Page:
Alberto Giacometti, born just before WW1, grew up in Switzerland and was from a family where both his
father and brother were artists. His contemporaries’ were the likes of Rodin,
Duchamp, and Picasso. He was associated
with both Cubists
and surrealist movements, within Modernism
working with philosophical ideas of phenomenology and existentialism.

Giacometti captured my
interest with his figurative work and his paintings. His sculptures are sombre,
almost fragile and yet have solidity about them. Although in motion they seem
very still and quiet (See figure 2), where
as his other work ‘Seated Man’ one feels he became the space, a part of his
surroundings. You can see the energy in this piece the brush stokes and speed
of line, sketching the sitter and background together; the sitter himself is
almost translucent, being able to see the room through him. (See figure 1)

He wanted to show us the truth within the
figure, the space, which is hollowed out from the object. Then that object in
turn creates the space. His
sculptural work is rough, eroded, and
a heavily worked surface. The pieces are reduced, to their very thin and
slender core. (See figure 2)

Giacometti’s
style would rarely shift from the figurative form, he
attempted to create renditions of his models the way he saw them, and the way
he thought they ought to be seen. He once said that he was sculpting not the
human figure but “the shadow that is cast.”

Finding out more about how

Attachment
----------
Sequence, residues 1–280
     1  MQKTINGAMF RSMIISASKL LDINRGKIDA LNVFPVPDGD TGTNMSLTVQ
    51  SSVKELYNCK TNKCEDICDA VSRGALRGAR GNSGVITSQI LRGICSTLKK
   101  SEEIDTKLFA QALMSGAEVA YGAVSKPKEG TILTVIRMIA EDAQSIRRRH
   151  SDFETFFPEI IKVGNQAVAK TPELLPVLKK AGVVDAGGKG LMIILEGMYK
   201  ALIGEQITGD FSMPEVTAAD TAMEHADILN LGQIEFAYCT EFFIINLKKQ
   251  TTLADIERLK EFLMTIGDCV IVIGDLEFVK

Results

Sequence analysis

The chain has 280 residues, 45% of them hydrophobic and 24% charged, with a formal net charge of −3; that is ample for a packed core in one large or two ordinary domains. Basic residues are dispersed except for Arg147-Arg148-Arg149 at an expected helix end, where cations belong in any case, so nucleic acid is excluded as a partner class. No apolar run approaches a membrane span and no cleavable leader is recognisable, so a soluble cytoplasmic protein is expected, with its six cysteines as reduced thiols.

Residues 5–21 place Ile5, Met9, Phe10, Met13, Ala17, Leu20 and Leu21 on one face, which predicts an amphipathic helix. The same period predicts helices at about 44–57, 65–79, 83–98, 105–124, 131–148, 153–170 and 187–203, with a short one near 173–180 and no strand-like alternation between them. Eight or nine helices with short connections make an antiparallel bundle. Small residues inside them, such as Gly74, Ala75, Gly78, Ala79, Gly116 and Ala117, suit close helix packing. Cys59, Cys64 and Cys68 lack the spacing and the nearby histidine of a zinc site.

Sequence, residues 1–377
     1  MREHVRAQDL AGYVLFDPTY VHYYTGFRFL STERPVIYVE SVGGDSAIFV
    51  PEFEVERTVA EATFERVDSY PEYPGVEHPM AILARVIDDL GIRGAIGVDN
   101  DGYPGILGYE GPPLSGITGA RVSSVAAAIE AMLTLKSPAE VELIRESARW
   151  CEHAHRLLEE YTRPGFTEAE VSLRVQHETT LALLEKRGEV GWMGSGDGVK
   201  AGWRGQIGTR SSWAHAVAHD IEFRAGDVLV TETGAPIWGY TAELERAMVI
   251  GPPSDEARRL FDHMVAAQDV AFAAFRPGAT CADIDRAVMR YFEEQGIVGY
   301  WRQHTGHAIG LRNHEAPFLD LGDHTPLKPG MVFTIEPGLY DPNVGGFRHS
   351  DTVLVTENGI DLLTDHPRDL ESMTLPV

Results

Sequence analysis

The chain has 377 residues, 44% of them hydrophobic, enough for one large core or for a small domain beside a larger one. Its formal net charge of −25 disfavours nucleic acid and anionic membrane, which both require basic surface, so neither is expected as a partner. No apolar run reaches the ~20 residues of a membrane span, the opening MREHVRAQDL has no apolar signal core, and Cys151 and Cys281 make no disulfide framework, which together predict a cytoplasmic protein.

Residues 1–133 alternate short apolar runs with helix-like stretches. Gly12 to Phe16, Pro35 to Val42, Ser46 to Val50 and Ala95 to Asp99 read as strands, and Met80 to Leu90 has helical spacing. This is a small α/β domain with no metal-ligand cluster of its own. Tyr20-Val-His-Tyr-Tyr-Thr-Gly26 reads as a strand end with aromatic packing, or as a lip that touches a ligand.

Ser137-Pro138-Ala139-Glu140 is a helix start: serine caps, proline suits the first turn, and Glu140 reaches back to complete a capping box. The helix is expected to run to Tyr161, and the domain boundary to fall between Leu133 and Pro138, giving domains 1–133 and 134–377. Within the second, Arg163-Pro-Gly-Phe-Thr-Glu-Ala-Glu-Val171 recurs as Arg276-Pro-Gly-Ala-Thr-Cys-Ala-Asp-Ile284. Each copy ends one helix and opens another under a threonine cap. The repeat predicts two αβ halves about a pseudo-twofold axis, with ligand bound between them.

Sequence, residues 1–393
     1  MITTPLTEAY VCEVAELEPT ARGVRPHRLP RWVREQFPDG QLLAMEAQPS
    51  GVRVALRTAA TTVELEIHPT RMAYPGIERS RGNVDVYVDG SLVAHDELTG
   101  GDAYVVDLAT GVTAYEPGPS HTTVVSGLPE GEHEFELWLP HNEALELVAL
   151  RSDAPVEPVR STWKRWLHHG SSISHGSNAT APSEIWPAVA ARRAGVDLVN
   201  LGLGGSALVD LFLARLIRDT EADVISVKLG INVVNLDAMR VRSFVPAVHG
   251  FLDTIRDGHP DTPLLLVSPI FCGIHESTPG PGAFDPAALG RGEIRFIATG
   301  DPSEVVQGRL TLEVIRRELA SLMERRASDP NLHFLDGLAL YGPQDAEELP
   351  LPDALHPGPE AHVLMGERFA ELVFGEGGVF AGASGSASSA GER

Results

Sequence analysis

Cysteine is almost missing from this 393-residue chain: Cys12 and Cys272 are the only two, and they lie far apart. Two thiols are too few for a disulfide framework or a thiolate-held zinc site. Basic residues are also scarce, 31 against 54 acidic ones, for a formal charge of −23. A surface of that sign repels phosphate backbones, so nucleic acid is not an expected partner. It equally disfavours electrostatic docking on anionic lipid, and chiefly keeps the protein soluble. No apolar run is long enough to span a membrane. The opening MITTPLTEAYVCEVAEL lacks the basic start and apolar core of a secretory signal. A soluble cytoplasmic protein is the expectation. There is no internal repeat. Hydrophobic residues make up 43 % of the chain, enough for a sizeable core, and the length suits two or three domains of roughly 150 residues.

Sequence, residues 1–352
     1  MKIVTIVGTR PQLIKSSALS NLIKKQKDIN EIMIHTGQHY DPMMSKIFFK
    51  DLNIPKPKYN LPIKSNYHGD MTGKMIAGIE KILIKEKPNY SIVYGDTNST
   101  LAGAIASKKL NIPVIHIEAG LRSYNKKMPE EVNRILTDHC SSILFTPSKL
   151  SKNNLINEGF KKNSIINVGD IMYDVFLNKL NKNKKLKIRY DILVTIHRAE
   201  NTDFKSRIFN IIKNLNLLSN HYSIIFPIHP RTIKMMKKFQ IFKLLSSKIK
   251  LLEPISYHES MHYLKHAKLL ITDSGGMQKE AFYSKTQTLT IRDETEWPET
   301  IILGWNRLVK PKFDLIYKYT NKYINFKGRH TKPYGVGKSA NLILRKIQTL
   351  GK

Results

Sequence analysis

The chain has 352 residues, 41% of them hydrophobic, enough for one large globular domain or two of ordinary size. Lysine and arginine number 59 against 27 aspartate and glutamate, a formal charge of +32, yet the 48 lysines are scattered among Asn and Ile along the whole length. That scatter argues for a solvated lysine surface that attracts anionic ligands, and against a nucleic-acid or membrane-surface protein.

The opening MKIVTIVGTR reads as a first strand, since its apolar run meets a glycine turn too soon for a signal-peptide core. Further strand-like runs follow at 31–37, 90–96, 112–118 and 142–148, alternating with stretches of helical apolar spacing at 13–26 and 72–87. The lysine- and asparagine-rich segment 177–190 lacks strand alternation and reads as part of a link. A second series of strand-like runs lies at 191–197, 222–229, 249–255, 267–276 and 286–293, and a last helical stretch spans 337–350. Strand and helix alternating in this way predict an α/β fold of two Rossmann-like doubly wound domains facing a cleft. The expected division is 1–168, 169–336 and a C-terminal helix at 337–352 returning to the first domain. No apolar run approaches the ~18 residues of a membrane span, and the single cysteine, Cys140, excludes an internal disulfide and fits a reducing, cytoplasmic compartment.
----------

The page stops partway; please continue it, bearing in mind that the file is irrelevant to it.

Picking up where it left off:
Giacometti sculpts his pieces reworking them several times until he gets what
he’s after, shows us the intensity involved as he was producing these pieces. He
had first hand experience of mans fragility and fleeting moments of life within
this world, yet his figures also seem to portray his own personal angst.

Alberto Giacometti’s work is
extremely relevant in today’s society showing us how we are all loosing our
individuality just to fit into a space and style that is irrelevant and
fleeting. His work has influenced many postmodern artists, and other movements
like Superstroke and South African art.

Seeing this work first hand at
the Tate exhibition, Transformed visions; ‘New Images of Man’ confirms the idea
that Giacometti wanted to show us the fragility of the human figure, he really
does capture the essence of being; he creates a shadow like impression of a
moment.

The piece itself ‘Pointing Man’ cast in bonze, from a reworked
clay sculpture, was larger than expected, and with more detail. This slender
figure was also positioned on a solid bronze base giving weight and depth. Seeing
it like this first hand really gives you the right perspective and shows you the
work and emotion involved. The way it was displayed against a plain cream background
with the light casting the shadow of the piece onto the wall, gave the piece an
ethereal feel.

 

Fig 1

image
image

(Seated
Man 1949 -Tate Modern -Transformed visions; ‘New images of Man’)

 

Fig
2

image
image

 (Pointing
Man 1947 – Tate Modern -Transformed visions; ‘New images of Man’)

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